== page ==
This time around, the judges ruled that not only has the audience to stand up at the start but that all entry and exit doors in the cinema shall be closed for the duration of the anthem. “After the National Anthem is played or sung, the doors can be opened,” the judges ruled.
The one problem that became evident during the screening of Poet on a Business Trip was that there is utter confusion about who is primarily responsible for the enforcement of the court’s order. Is it the individual, or the cinema owners, or the lawkeepers, i.e. police? The latter is an unworkable proposition because one cannot possibly have policemen in every cinema up and down the country, attending every show. Arguably, there are better ways to use taxpayers’ money.
That leaves it up to the individuals to do their duty by the Indian Constitution, failing which, presumably, it is up to the cinema staff. But what is the staff to do? Tell the police? But police presumably have far more pressing matters to attend to.
This leaves us with vigilantes: members of the audience who have sat through the anthem, including a man in a wheelchair, have been beaten up, roughed up or abused in the aftermath of the Supreme Court judgement.
The order has been challenged by a film club and the hearing on the matter continues. This week, however, a spokesperson for the ruling Bharatiya Janata Party (BJP) filed another petition, seeking the singing of the national anthem and an equally patriotic song, Vande Mataram, to be made compulsory in schools. (The first two verses of Vande Mataram are recognized as the national song). As a result, the court asked the government to respond within four weeks to the petition, which seeks a policy on the national anthem, national song and national flag.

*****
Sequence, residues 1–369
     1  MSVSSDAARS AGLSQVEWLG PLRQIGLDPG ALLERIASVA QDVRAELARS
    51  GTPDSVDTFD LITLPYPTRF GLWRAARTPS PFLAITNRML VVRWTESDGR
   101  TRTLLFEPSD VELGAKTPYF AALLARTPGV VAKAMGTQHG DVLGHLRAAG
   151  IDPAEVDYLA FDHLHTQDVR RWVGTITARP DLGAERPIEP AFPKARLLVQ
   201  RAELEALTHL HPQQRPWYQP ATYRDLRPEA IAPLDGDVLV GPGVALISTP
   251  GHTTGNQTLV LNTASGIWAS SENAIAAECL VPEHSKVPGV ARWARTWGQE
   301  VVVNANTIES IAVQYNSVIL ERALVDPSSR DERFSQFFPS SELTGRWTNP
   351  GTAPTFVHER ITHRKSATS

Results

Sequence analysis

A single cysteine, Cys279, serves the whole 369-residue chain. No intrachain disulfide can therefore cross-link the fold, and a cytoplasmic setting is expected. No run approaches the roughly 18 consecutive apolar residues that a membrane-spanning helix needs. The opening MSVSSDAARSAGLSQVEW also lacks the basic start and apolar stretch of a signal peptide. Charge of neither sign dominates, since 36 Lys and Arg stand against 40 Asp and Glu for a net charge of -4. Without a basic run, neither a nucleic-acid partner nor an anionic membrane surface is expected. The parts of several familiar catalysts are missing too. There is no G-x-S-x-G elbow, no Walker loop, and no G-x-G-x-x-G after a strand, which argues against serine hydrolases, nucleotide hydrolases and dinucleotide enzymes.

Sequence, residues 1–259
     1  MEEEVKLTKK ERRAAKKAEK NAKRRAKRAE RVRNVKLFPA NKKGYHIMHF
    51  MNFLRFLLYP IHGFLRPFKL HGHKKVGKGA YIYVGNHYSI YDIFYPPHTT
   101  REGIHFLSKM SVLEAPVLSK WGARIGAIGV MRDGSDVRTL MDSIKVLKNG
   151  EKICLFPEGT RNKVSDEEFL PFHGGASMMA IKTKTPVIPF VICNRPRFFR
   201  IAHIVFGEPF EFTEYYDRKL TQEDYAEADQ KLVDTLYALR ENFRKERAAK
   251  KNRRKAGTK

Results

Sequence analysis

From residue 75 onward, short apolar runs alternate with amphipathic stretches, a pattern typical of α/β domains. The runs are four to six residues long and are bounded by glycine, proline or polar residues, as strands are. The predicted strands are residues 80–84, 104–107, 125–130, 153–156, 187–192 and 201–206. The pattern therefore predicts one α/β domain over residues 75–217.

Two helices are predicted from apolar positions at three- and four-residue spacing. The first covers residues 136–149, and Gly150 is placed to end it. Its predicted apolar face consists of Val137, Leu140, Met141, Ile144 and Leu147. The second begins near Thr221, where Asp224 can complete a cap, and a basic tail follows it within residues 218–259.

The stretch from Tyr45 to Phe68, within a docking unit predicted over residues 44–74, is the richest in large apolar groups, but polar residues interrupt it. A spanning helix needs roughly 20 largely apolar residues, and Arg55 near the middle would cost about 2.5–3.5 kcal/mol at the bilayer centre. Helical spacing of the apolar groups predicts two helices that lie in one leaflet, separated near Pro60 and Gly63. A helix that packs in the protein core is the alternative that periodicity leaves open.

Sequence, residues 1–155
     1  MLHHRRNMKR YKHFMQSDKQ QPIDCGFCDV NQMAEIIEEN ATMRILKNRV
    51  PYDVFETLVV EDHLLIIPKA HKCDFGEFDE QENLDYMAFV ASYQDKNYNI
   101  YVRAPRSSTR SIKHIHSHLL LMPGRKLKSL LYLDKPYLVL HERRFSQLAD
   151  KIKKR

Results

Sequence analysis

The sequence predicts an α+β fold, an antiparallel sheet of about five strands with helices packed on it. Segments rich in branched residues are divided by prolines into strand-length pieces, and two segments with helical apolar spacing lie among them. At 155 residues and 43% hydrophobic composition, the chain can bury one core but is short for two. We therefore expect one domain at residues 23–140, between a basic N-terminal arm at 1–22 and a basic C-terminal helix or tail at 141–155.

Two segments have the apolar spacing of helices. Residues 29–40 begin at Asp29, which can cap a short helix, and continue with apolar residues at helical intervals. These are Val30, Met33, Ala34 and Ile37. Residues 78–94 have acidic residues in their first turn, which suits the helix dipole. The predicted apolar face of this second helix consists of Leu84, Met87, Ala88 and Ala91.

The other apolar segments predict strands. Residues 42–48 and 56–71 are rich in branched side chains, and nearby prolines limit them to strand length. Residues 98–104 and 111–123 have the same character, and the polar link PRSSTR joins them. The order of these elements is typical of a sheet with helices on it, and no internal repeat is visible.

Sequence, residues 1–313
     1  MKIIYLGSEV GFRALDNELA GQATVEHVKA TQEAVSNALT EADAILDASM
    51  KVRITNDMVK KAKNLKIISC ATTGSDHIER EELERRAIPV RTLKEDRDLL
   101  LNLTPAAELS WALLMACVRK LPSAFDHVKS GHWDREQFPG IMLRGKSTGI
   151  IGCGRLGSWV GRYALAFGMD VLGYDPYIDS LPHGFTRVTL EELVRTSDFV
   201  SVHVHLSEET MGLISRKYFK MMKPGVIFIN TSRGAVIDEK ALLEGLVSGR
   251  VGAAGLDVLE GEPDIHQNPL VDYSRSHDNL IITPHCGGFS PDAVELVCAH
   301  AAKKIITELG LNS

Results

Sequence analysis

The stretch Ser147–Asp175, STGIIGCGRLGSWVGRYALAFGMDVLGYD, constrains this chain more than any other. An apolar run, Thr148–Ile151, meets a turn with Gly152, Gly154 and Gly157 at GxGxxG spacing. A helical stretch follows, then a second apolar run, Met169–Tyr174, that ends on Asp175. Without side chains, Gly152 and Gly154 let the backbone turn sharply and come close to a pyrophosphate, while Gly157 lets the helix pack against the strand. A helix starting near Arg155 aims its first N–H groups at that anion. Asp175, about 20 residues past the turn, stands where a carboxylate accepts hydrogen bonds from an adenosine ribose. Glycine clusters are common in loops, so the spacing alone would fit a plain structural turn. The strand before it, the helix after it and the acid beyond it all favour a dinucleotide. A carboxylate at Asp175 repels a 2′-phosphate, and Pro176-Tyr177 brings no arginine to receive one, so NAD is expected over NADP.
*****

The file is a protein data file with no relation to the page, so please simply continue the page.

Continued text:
There is an obvious political problem here. Although Vande Mataram—a very loose translation would be ‘Hail Mother (India)’—was a rallying crying for Indian freedom fighters, it was originally part of a novel that is known for its pro-Hindu and anti-Muslim narrative. For instance, the iconic Indian freedom fighter Subhash Chandra Bose dropped Vande Mataram in favour of Jana Gana Mana (reworked in colloquial Hindustani) as the anthem for his Indian National Army.
The court seems to be well aware of this problem. In a previous hearing, in February, one of the judges pointed out that “Constitutionally, it is the fundamental duty of a citizen to respect the national flag, emblem and anthem and not the song”.
In India, there is absolutely no dearth of beautiful patriotic songs. Each one deserves to be respected and loved—by standing if that’s your way. Indeed, the BJP’s veteran leader, L.K.Advani, would stand up and sing the Bengali song ‘Dhono dhannye pushpe bhora’ (this Queen among nations, in a world brimming with wealth, grains and flowers) in public forums, in addition to the national anthem.
The real problem is that there no enforcement machinery to deter vigilantism.
How then to watch a movie in India?
In this increasingly complex world, brimming with nationalist fervour and video streaming services, is it best to stick to the small screen?
Dipankar’s Twitter handle is @Ddesarkar1